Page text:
By Fernando J. Pérez
December 17, 2018
All of a sudden, the WhatsApp group had no one in it. Its members promptly erased themselves when National Police busted a network of extremists who were attracting around 30 women from the Spanish exclave cities of Ceuta and Melilla in North Africa to either marry or become the sex slaves of Islamic State fighters in August 2014.
This was Operation Kibera. “It was a real digital scare,” says a spokesman from the anti-terrorist unit.
The operation had far-reaching consequences, most recently leading to the arrest in France of a cell sending money to Syria. But the Jihadist networks are growing wise to police tactics and are becoming increasingly good at hiding their activities online, according to investigators.
Last September, Spain's High Court (Audiencia Nacional) dealt with two cases which highlighted the role of women in Jihadist cells. One was Operation Kibera, in which four women and a man named Yawad Mohamed were given prison sentences of up to five years for sending female ‘volunteers’ to Iraq and Syria as ISIS recruits. The other case jailed two friends, Sanae Boughroum and Laila Haira, for running an indoctrination network.
Both networks were active between 2014 and 2015, after ISIS leader Abu Bakr Al-Baghdadi proclaimed the Islamic State and the terrorist network reached its height in Syria and Iraq.
During that time, Jihadist propaganda and funding was intense and almost 40,000 people, mostly men, left for various conflict zones – around 220 of them were either Spanish or residents in Spain.
The story is very different today. ISIS has lost control of the areas it took and is now struggling to keep control of a handful of strongholds along the Euphrates River between Syria and Iraq, and a few largely deserted areas in both countries.
“It’s impossible to go there now,” say police sources. “Almost all of those who are there – who are under surveillance – want to come back. Now we are focusing more on the returns than the trips to conflict zones. But getting out of there is not easy. They have to get through a triple filter of Kurdish militias, government forces and the international coalition.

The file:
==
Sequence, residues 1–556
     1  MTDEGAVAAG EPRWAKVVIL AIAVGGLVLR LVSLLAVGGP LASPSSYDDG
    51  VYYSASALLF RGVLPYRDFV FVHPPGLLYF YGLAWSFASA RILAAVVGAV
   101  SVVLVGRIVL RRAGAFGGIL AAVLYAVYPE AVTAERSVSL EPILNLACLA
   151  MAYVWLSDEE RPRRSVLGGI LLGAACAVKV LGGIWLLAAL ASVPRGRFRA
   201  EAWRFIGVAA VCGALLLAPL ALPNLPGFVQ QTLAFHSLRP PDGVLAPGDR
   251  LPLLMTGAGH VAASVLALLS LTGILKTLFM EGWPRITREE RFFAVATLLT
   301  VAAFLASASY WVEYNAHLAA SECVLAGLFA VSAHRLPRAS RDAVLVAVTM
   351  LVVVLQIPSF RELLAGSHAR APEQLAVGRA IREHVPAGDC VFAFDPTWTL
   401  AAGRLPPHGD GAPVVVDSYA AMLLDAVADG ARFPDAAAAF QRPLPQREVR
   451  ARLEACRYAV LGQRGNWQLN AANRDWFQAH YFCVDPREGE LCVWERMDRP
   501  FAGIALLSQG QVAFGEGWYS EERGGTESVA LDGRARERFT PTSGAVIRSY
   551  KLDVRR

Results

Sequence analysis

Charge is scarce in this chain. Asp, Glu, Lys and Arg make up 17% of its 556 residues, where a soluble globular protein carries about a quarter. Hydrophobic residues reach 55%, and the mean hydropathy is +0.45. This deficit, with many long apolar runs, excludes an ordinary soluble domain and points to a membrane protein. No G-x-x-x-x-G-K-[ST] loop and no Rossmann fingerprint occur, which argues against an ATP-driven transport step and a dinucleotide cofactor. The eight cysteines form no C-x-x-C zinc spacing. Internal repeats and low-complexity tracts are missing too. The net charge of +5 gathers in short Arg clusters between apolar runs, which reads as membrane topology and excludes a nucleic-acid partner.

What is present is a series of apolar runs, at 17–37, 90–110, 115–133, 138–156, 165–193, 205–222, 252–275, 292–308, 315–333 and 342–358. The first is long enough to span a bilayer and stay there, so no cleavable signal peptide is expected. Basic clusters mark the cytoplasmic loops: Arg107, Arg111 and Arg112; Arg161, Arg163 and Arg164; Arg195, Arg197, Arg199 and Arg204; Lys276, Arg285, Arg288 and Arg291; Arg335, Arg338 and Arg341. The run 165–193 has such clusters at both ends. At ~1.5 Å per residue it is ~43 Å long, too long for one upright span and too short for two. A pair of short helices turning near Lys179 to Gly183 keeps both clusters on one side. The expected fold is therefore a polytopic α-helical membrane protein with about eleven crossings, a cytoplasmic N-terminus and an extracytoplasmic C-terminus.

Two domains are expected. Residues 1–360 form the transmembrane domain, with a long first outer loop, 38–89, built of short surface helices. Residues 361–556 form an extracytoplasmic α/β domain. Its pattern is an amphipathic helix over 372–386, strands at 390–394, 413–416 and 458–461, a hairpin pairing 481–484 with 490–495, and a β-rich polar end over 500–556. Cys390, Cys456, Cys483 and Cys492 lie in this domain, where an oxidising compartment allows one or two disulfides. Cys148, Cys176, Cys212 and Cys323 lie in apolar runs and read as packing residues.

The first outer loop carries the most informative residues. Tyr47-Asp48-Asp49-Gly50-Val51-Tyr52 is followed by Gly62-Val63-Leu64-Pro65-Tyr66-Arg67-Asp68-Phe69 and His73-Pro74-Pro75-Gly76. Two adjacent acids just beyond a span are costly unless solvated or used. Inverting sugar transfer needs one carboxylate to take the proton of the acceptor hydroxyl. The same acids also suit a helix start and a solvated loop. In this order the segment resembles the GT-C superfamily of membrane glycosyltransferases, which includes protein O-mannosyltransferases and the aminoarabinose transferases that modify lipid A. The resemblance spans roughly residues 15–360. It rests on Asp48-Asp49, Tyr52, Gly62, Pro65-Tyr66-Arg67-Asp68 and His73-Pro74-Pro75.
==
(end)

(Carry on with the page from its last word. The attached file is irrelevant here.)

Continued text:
As Islamic State is not a centralized entity, it is difficult for police to ascertain who is in charge of recruiting volunteers. Still, what happens in the conflict zone has an obvious impact on the activities of the cells. In 2012, for example, women rarely travelled to Syria and Iraq. The fighters were predominantly men with military training.
But when the Caliphate was declared, more people started to go out to fight and the numbers of women also multiplied, though according to police analysts, their role was to satisfy the sexual needs of the fighters. By 2015, ISIS was losing ground and women began to fight often in suicide missions.
“Islamic State has a vast communications department,” says a police spokesman. The Jihadist network generates global content that is then adapted by local “producers” according to the country and the gender being targeted.
While men receive more violent content designed to radicalize them faster, the women are given more romantic material, showing heroic Mujahideen or princes they might aspire to marry.
“The first women who went out to the conflict zones were filmed in palaces to create the illusion they were going to live a life of luxury. In reality, they didn’t even have enough to eat,” says a police source.
The indoctrination network intercepted by Operation Kibera was cleverly designed to identify potential recruits. First, WhatsApp groups of 30 to 40 women were set up and topics of supposed interest to women such as cooking and religion were discussed. Every now and again, a picture of Mujahideen fighters or Israeli attacks on the Palestinian territories would be thrown in and reactions gauged. Those who showed an interest were then contacted individually and subjected to indoctrination sessions to encourage them to go out to the conflict zone.
These communication channels are still active today, according to police sources, though without the level of success they enjoyed in 2014. “The idealization of ISIS four years ago no longer exists,” says a police spokesman. “Successive defeats have brought the reality home, but Islamic State can still attract sympathizers and it still has fans that we need to control.”
Besides being a highly successful propaganda machine, the Jihadist network has legal advisors to help it become familiar with the workings of police investigations and adapt its methods accordingly.
“Many of those involved have been ordinary criminals and they are quite precocious. Jihadist ideals carry a lot of weight. Far from preparing them to fit back into society, their time inside increases their aversion to the system. They get to know it and are familiar with its cracks,” says one investigator.
In a bid to evade detection, the Jihadist network has channelled its funding away from Western Union and MoneyGram and now uses Hawala, a system that uses intermediaries and avoids having to physically transport the money.
“The Jihadist threat is much more clandestine nowadays,” says one police chief, who stresses the need to launch a de-radicalization program. “The bad guys know how to hide themselves better, the organizations survive but we are noticing they are becoming more isolated. They are under a lot of social pressure and there is a growing lack of confidence among them. Once we came across a gathering of women discussing cooking and showing each other clothes – all with their faces completely covered. As soon as Jihadism was mentioned, several left the group, something that wouldn’t have happened before.”
Police sources indicate that on the border of Jordan, around one in four women coming from a conflict zone asking for political asylum refuse to take off the veil for the police report. “It doesn’t mean they are all terrorists. But they are very radical,” says the police chief.